Six years ago, Jackie Sibbles Drury wrote a play about a zombie apocalypse, titled “Social Creatures.” Her new play, which opened Monday at LCT’s Claire Tow Theater, is about a health-care apocalypse, titled “Marys Seacole.”
Mariana Sanchez’s very mutable set begins as a hospital room, but before anyone gets the idea that you’re in for another of those ponderous deathbed dramas, you should know that Drury will eventually take us to a battlefield in the Crimean War, where the real-life Mary Seacole and Florence Nightingale carried out their own personal war to nurse the British soldiers there. (Seacole remains a controversial figure. Her statue in London continues to inspire protests from Nightingale’s fans.)
We’ll also witness a staged trauma rehearsal in a modern hospital that the fictional nurse Mary manages with slapstick panache. Both Marys were born in Jamaica, and are played in grand style by Quincy Tyler Bernstine, giving the performance of this winter season in New York City.
Drury keeps switching the story between the two Marys, who appear to be in direct communication with each other a 100-plus years apart. They wear identical earphones. Bernstine manages the time lapses seamlessly, and is immeasurably aided by Lileana Blain-Cruz’s direction, which is both over-the-top and precisely what a big saga like “Marys Seacole” requires (despite its 90-minute running time.
Sitting through this version of the Crimean War in the tiny Tow Theater, you feel like you’ve visited a battlefield — and that doesn’t include the verbal fireworks between Seacole and Nightingale (Lucy Taylor, being comically condescending).
There are also quiet moments that expose a more seasoned sense of humor. The modern Mary and her younger Jamaican nurse friend Mamie (Gabby Beans) are minding their own business during a hospital break when a new mother (Ismenia Mendes) with a baby carriage feels the need to unload her problems on them.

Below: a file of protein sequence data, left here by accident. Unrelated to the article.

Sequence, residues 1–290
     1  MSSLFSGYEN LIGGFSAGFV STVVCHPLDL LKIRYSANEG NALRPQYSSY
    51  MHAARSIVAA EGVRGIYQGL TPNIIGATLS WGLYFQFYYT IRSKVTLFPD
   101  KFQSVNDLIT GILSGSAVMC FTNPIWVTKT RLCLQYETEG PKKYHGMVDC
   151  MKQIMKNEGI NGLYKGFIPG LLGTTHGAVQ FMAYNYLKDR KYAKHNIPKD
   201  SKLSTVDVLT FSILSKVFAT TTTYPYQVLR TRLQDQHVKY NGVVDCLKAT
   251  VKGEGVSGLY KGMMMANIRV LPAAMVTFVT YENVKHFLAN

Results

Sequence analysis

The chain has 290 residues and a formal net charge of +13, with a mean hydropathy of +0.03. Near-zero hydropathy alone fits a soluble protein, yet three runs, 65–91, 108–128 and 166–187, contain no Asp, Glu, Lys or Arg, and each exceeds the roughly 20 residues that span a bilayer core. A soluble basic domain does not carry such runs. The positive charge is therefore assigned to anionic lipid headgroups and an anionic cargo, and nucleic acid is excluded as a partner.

Sitting there on the park bench, Mary doesn’t say much; her expressions and gestures do all the talking as she cautions Mamie not to get involved with this person from the white world. It’s trouble. Mary and Mamie embody those caregivers you see on the streets of New York City, attending other people’s grandparents, and you wonder, who’s caring for their grandparents? It’s a dilemma Cruz makes abundantly clear with the play’s final tableau.
As written by Drury, neither Mary is a saint. The modern Mary’s tough façade probably doesn’t make her the greatest caregiver the world has ever seen. And far more curious is Drury’s portrait of the real Mary, who can’t stop talking about her mixed heritage and the strong Scottish blood coursing through her veins.
A powerful visual leitmotif in “Marys Seacole” is the real Mary’s mother, who rarely leaves the stage or stops walking. She doesn’t say anything, but Karen Kandel makes her an awesome, towering presence. When she does finally open her mouth, it’s to rant: What’s her daughter doing caring for all those white people?
The Jamaican accents here are very pronounced, and not everything was unintelligible to these ears. Suffice to say, the ensuing spectacle of two titanic actors ripping into each other makes riveting theater, like hearing a great opera duet even when you don’t know the language being sung.